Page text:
NSA is No Longer Using Mass Phone Surveillance Program Exposed by Edward Snowden

The NSA reportedly hasn’t been using the system used for mass phone surveillance for the past six months. So did the agency earlier claim that data collection is vital to national security? Maybe it isn’t so vial after all? After all, the nation’s top spy agency can’t be bothered to even use it these days.

Then again, perhaps that agency has found BETTER WAYS to spy on citizens???

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Why You Might Want to Give Up Your Landline Phone

Millions of people are cutting the cords of landline phone service and have switched to cellular or VoIP (internet calling) services. You might think, “That’s nice, but I like my wired landline phone. I plan to keep it forever.”

I bet you will change your mind before long. You may not change it today, but I suspect you will change within a very few years. When you do, you probably will find you then have more privacy and lower expenses than you do today.

Rather than paying the higher prices for the next several years, I might suggest you might evaluate your options TODAY to see if it makes sense for you to switch now.

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Google Adds Always-On VPN to its Project Fi Cellular Service

I have been an enthusiastic customer of Google’s Project Fi cell phone service for more than three years. I also always have a VPN (that I pay for) running all the time in my cell phone. You can read my past articles about the Project Fi cellular service by starting at: https://duckduckgo.com/?q=site%3Aprivacyblog.com+%22project+fi%22&t=h_&ia=web.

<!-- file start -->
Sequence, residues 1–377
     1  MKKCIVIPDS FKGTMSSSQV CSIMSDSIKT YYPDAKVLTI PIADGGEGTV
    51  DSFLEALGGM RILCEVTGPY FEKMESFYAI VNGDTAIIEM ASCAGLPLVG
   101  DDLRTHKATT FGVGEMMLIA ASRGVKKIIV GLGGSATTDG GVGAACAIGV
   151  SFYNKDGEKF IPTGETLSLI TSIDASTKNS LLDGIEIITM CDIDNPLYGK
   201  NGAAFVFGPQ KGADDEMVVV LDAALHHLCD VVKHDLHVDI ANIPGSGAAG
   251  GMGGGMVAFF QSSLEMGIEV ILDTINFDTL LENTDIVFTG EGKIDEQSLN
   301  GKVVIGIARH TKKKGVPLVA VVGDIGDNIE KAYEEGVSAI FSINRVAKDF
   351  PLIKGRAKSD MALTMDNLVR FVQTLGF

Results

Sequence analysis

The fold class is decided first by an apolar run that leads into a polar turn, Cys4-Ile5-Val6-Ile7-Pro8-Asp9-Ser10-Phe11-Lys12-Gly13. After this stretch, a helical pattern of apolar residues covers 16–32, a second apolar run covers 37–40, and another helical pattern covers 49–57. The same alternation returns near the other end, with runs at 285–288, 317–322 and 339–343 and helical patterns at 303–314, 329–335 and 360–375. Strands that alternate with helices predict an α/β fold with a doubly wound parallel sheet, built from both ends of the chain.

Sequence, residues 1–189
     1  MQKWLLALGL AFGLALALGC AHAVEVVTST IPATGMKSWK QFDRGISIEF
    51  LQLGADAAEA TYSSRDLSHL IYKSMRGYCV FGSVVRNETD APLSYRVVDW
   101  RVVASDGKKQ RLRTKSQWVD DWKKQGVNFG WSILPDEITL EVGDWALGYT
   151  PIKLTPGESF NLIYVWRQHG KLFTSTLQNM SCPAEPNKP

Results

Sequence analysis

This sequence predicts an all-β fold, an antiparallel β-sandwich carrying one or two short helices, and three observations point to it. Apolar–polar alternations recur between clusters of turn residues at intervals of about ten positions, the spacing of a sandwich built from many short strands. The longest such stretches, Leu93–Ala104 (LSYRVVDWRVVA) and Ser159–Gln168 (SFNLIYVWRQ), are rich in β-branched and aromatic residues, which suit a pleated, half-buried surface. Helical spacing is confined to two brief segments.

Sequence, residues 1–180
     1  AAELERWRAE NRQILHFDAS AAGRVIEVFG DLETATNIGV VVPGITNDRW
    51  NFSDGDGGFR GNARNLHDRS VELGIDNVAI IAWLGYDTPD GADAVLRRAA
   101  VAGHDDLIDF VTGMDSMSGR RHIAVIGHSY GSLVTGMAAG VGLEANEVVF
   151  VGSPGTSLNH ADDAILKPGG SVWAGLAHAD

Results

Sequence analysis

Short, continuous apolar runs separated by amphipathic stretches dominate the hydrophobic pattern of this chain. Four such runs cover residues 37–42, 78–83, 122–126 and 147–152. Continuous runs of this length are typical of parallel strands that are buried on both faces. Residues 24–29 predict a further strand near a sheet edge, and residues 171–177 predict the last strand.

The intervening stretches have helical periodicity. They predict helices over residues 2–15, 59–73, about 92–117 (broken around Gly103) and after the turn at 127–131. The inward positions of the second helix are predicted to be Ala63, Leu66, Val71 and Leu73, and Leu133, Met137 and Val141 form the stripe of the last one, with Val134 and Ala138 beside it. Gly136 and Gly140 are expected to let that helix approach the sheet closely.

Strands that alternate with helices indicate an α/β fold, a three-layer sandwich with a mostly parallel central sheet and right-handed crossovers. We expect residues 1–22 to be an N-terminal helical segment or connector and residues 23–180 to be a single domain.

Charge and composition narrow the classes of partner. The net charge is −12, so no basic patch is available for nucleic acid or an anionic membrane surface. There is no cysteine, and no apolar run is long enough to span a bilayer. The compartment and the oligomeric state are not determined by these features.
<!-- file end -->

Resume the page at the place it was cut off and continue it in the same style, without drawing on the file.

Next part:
I received a pleasant surprise today when I learned that Google is now offering a FREE VPN to all users of the Google Fi cell service and the VPN will be enabled all the time, whether connected by a cellular service connection or a Wi-Fi connection.

All phone calls, text messages, and data will be encrypted for privacy purposes all the time. The always-on VPN will need to be turned on in the Project Fi settings, where the feature is called “Enhanced Network” and labeled a “beta.”

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Police Decrypt 258,000 Messages After Breaking IronChat Crypto App

Your public servants at work: spying on you.

Police in the Netherlands said they decrypted more than 258,000 messages sent using IronChat, an app billed as providing end-to-end encryption that was endorsed by National Security Agency leaker Edward Snowden. In a statement published Tuesday, Dutch police said officers achieved a “breakthrough in the interception and decryption of encrypted communication” in an investigation into money laundering. The encrypted messages, according to the statement, were sent by IronChat, an app that runs on a device that cost thousands of dollars and could send only text messages.